Washington's Legislature gave its final endorsement Monday to a state constitutional amendment granting judges more power in denying bail, a reaction to the November shooting deaths of four Lakewood police officers.
The measure, approved 92-4 in the House, now heads to the November ballot for final approval by voters. If enacted, it would allow state judges to deny bail when a suspect is charged with a crime carrying a possible life sentence and, based on evidence, is considered a danger to the community.
“Today is the day, and now is the time,” Rep. Mike Hope, R-Lake Stevens, said before the vote. “This is the biggest, most important piece of law enforcement legislation in years.”
The amendment was spurred by the Nov. 29 deaths of Lakewood police Sgt. Mark Renninger and officers Tina Griswold, Ronald Owens and Greg Richards, who were gunned down at a Parkland coffee shop. The killer, Maurice Clemmons, had been released on bail less than a week before the shooting.
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Clemmons fled the scene, launching a massive police manhunt throughout Western Washington. He was shot and killed two days later by a Seattle police officer.
Families of the Lakewood police officers, along with law enforcement officials, met with the Legislature when it convened in January and urged members to act in response to the shooting. Since then, several versions of the amendment have been considered.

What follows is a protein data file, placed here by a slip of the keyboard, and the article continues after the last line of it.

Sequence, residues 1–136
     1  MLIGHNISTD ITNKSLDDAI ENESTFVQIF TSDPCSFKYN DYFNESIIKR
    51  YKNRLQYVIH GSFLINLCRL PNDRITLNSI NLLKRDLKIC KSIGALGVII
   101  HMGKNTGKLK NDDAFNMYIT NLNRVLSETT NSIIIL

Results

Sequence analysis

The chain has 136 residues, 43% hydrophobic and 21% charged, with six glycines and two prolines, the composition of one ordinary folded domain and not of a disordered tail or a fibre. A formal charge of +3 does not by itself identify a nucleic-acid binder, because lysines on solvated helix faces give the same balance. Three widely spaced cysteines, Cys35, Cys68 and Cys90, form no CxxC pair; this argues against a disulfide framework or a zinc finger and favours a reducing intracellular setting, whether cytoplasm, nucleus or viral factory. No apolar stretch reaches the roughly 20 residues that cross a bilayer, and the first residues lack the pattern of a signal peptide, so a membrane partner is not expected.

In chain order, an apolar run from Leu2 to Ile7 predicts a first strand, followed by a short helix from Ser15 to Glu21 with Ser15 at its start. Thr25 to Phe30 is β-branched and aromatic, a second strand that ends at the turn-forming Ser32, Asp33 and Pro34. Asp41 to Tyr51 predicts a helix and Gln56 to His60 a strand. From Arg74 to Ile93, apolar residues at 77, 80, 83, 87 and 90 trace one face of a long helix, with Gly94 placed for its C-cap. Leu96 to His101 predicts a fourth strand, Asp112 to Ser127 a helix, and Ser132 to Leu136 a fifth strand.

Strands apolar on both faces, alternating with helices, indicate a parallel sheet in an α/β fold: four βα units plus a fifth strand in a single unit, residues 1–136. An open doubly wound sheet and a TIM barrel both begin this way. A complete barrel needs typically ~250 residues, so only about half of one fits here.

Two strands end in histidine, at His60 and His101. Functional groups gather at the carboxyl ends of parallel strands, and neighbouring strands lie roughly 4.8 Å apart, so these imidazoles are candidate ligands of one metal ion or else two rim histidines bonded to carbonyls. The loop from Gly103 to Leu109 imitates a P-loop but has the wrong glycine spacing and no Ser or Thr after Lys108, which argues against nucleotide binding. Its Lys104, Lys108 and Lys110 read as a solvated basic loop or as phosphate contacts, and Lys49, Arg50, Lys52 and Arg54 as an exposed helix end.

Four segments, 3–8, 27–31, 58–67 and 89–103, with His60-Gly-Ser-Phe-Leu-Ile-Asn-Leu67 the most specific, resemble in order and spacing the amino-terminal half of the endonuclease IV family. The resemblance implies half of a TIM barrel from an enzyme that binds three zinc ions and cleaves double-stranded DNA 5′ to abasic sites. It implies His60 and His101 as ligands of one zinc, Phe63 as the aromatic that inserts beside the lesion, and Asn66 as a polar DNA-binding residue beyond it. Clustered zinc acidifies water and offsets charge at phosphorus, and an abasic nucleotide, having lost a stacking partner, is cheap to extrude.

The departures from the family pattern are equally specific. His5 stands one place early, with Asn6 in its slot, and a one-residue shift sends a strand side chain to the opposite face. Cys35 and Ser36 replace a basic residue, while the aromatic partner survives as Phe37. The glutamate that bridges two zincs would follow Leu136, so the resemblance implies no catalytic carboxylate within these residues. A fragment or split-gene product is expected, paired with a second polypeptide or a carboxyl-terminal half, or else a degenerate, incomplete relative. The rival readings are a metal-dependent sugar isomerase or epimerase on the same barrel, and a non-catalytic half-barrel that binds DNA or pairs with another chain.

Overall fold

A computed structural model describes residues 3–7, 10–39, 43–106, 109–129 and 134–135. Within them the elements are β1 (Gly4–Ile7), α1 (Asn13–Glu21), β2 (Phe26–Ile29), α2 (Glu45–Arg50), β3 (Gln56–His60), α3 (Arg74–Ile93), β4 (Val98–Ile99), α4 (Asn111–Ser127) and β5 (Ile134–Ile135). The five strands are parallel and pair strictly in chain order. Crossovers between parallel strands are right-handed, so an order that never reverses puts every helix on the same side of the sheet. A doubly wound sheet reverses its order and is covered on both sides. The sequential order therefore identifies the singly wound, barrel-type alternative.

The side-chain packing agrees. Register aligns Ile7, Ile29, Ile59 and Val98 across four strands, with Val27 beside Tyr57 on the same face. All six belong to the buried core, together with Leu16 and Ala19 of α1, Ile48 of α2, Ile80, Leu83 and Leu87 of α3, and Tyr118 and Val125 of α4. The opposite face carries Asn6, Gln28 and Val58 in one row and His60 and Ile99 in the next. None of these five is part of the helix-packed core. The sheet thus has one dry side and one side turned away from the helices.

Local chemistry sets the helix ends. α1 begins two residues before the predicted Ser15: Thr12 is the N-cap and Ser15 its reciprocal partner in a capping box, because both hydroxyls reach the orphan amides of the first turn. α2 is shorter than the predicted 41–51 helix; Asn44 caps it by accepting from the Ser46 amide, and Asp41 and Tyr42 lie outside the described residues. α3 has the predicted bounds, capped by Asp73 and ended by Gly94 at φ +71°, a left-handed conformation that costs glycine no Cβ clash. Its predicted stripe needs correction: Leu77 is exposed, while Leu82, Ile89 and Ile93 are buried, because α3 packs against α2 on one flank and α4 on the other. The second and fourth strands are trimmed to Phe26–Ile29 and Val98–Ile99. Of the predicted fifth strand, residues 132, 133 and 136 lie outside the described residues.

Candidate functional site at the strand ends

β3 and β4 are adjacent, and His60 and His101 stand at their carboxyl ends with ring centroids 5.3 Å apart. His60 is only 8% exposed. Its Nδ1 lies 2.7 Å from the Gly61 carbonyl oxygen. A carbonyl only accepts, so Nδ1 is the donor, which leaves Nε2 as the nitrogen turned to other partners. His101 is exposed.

“I can think of no constitutional amendment in recent memory that has as great of a consequence as this one,” said Rep. Chris Hurst, D-Enumclaw.
House and Senate lawmakers had disagreed about how far to go in denying bail until last week, when Gov. Chris Gregoire organized a meeting to craft a version with broad support.
“It is a wonderful feeling to know we are taking a big step forward and to know that lives are going to be saved with this constitutional amendment,” said Rep. Kirk Pearson, R-Monroe.
As the measure developed, civil liberties advocates raised concerns that lawmakers were moving too quickly in adopting the amendment and might restrict bail rights too severely. But lawmakers said the version that passed Monday satisfies most of those concerns.
“It has been a very deliberate, conclusive, careful process that has struck the balance between preserving our liberties with protecting public safety,” said Rep. Roger Goodman, D-Kirkland.
Also Monday, the House passed a measure that would end the practice of “booking bail” in which suspects can post bail without having to see a judge. That measure now heads to Gregoire for approval and would take effect in January, with portions contingent on voter approval.